Sometimes I saw the following code snippet. When is the if @@trancount > 0 necessary with begin try? Both of them? Or it's a safe way(best practice) to check it always in case it's rollback before the check?

begin tran
begin try
  ... just several lines of sql ...
  if @@trancount > 0 commit tran
end try
begin catch
  if @@trancount > 0 rollback tran
end catch

4 Answers 4


I can think of a few scenarios to consider when dealing with @@trancount:

  1. The current transaction was called from another stored procedure which had its own transaction
  2. The current transaction was called by some .NET code with its own transaction
  3. The current transaction is the only transaction

I believe Remus Rusanu's Exception handling and nested transactions handles all these possibilities.

  • The example seems try to avoid nested transactions. Is it necessary?
    – ca9163d9
    Dec 21, 2012 at 22:45
  • To me, the idea is that if this new action is a nested transaction, then save it. If there is an error and if this is a nested transaction, only rollback the nested transaction so as not to affect the original caller.
    – 8kb
    Dec 21, 2012 at 23:38
  • 4: when you're calling some rubbish encrypted API SP that doesn't rollback its own transaction if it decides there's a problem... Oct 13, 2016 at 16:09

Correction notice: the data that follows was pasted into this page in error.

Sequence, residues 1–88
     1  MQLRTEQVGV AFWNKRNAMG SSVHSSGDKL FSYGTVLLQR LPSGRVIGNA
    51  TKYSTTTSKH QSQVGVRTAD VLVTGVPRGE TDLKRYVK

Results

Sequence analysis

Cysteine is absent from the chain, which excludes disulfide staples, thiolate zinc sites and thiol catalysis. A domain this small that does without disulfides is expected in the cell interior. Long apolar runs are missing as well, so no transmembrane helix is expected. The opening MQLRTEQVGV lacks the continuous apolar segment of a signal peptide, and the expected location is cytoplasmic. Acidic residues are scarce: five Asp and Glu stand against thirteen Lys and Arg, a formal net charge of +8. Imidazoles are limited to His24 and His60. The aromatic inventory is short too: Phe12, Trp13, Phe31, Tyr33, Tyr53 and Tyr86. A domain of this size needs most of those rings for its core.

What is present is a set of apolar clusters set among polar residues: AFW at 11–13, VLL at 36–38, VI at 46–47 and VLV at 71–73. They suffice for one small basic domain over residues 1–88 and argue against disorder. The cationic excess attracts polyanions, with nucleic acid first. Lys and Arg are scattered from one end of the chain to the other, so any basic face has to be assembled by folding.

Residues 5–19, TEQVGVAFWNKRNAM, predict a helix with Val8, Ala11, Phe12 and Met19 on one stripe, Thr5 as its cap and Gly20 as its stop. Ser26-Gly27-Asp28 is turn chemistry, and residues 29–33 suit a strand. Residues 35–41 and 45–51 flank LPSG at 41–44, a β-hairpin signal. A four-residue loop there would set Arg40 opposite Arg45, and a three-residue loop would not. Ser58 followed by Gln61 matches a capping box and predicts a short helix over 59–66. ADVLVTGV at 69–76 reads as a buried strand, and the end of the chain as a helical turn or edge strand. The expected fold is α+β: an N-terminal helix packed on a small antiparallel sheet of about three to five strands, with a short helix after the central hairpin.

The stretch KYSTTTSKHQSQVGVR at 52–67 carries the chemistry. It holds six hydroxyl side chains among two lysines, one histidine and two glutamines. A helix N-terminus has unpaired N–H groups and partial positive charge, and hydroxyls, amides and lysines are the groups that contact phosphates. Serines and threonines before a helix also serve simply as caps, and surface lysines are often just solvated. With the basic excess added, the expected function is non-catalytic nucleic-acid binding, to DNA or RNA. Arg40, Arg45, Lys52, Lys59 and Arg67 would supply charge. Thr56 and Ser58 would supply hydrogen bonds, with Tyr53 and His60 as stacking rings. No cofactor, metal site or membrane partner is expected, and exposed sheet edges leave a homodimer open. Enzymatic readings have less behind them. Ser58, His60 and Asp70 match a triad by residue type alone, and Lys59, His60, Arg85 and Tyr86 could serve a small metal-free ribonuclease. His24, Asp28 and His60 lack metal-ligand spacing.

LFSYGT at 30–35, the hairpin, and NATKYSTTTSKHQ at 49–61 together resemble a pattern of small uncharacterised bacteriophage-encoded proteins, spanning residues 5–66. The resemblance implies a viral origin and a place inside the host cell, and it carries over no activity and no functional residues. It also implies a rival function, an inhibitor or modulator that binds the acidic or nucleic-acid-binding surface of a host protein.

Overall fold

• 3
    So? So check @@trancount or not?
    – Pete Alvin
    Apr 12, 2017 at 13:52
  • 1
    I'd say this accepted "answer" absolutely does NOT answer the question.
    – Al Kepp
    Aug 3, 2018 at 10:31

when u don't use @@trancount, the error message of nested transaction stored procedure does not return the exact cause of error just reurtn "The rollback transaction request has no corresponding begin transaction",otherwise it gives exact cause of error, so its easy to handle the error with proper syntax.


To answer the question - the time to do a @@trancount is if the code in the middle could potentially have already performed the commit or rollback of the transaction you started. So if you are calling stored procedures for example - then perform the checks at the end.

Incidentally rather than doing an if @@trancount>0 I would suggest it is better to check the @@trancount at the start of your block of code, and then see if the count has gone up by the end, in which case do the commit or rollback, depending on try/catch.

Particularly if you are in a trigger, because the @@trancount will always be 1 there, so just doing a @@trancount>0 could cause an error.

But even if your code is just in a stored procedure, supposed it was called by another procedure that itself has an open transaction, if your code errors and rolls back, then the outer stored procedure will have its transaction rolled back also (see https://www.sqlskills.com/blogs/paul/a-sql-server-dba-myth-a-day-2630-nested-transactions-are-real/).





shows 1 2 0

So basically - if the code in the middle is calling other procedures, you need to perform the IF @@TRANCOUNT check.


the reason of check is if you commit trans or rollback it when @@trancount=0 you get an exception with this error message : The COMMIT TRANSACTION request has no corresponding BEGIN TRANSACTION.

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